James Thompson Clayborn
Sixth Child and Youngest Son of Ephraim Claybourn
19 May 1822 - 5 May 1900
James Thompson Clayborn was born on 19 May 1822 in Knoxville, Tennessee [Claybourn, Verner M., and Harriette Pinnell Threlkeld. The Claybourn Family (A-1 Business Service, 1959). Subsequent census data would seem to confirm this date.]. When James was still a young child of about three years old (c. 1825), his family moved to DeKalb County, Tennessee and lived two or three miles from the log cabin village of Liberty, Tennesee. At the age of twenty-one, on 21 December 1843, James married Melinda K. Scott, who was born on 17 August 1827 [Claybourn, Verner M., and Harriette Pinnell Threlkeld. The Claybourn Family (A-1 Business Service, 1959). Subsequent census data would seem to confirm this date. ]. Roughly twenty years later James' parents left Liberty for Kentucky, but James stayed in the area and settled in on the farm his parents had owned.
James, Melinda and four of their children - Mary E. (5 yrs old), Martha M. (4 yrs old), Sarah F. (2 yrs old), and John (0.5 years old) - are all listed in the 1850 census, with James indicating farming as his occupation [1850 U.S. Census. District 11, Dekalb, Tennessee; National Archives and Records Administration, Roll: M432_876; Page: 22; Image: 172. ]. The following census in 1860, taken as hostilities between the North and South escalated, shows that James and Melinda's family continued to grow [1860 U.S. Census. District 11, De Kalb, Tennessee; National Archives and Records Administration, Roll: M653_1247; Page: 167; Image: 337.]. Nine of their oldest children are included with them in this census: Mary E. (16 yrs old) Martha M. (14 yrs old), Sarah F. (12 yrs old), John B. (10 yrs old), Ephraim (9 yrs old), Phebe (7 yrs old), Luticia (6 yrs old), William H. (4 yrs old) and James (2 yrs old). James T. is listed as a farmer with real estate valued at $500 and a personal estate valued at $400.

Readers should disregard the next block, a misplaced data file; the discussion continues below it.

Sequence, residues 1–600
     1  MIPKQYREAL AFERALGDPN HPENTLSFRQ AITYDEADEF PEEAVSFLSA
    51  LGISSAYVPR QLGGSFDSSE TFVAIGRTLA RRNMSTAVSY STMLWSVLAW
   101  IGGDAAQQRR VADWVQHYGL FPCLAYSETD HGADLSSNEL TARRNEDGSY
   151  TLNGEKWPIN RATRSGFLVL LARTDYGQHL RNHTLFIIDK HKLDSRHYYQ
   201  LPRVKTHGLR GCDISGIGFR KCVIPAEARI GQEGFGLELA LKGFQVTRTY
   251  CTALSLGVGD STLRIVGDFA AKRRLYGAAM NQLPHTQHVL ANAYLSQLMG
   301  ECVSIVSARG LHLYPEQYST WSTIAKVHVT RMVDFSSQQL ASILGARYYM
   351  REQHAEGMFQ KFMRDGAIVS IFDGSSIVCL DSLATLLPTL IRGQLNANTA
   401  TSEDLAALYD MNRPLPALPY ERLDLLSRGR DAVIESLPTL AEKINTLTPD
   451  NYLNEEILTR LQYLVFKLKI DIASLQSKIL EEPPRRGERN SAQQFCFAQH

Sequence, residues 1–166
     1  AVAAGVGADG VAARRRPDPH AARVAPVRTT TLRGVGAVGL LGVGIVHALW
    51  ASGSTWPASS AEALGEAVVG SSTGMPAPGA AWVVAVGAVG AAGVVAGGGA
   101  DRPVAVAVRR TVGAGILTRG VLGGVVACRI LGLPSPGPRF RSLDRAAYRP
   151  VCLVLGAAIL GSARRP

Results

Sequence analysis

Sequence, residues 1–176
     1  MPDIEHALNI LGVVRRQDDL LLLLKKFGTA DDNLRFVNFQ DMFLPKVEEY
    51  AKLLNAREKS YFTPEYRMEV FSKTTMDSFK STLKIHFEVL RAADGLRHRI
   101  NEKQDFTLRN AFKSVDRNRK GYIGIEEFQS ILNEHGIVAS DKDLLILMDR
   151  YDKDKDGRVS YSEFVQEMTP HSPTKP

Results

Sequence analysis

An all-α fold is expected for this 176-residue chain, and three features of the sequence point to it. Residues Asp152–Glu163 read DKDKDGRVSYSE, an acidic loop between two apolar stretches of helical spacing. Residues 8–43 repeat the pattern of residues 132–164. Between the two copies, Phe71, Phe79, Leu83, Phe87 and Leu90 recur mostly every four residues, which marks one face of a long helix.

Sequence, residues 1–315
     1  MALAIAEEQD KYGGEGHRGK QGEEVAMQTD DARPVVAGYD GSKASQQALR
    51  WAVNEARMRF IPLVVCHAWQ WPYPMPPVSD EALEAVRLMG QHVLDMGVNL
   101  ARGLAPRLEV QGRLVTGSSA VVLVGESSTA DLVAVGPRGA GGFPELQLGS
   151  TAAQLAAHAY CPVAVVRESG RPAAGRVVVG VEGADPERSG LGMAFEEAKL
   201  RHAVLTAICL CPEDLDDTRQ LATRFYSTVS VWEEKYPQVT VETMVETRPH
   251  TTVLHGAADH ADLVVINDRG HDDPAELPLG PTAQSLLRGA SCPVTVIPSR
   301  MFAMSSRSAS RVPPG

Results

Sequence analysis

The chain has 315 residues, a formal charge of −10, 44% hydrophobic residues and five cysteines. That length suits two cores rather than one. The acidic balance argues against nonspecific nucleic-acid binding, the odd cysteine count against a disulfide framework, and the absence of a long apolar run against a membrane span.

The American Civil War affected virtually every family in the country, and James was not immune. As a southerner James would be expected to join the Confederate cause, just as the family of his brother John B. Claiborne of Arkansas had done. On the other hand, his other brother William Divine Claybourn of Illinois ardently supported the Union and fought to keep it intact, as did William's children.
James faced a tough choice, and in spite of his southern location, he appears to have sided with the Union. In 1936 researcher Harriette Threlked visited Nancy Johnson, the youngest child of James. Nancy showed Harriette a certificate signed by J. A. Jusan, M.D., certifying that he had examined James and found him unable to perform militia duty because of "hemroids" (sic), signed 16 December 1861 [Claybourn, Verner M., and Harriette Pinnell Threlkeld. The Claybourn Family (A-1 Business Service, 1959).]. William Divine once told Harriette that James was "loyal to the Union," so one could speculate that James might have concocted medical problems to avoid fighting for the Confederacy. Either way, James did not fight in the conflict.
Perhaps the most poignant evidence of James' sympathies is that in 1863, at the height of the War, he chose to name his newborn son Abraham Lincoln Clayborn after the famous president leading the Union. Taken together, the evidence strongly suggests that James supported the Union in the conflict and purposefully avoided fighting for the Confederacy.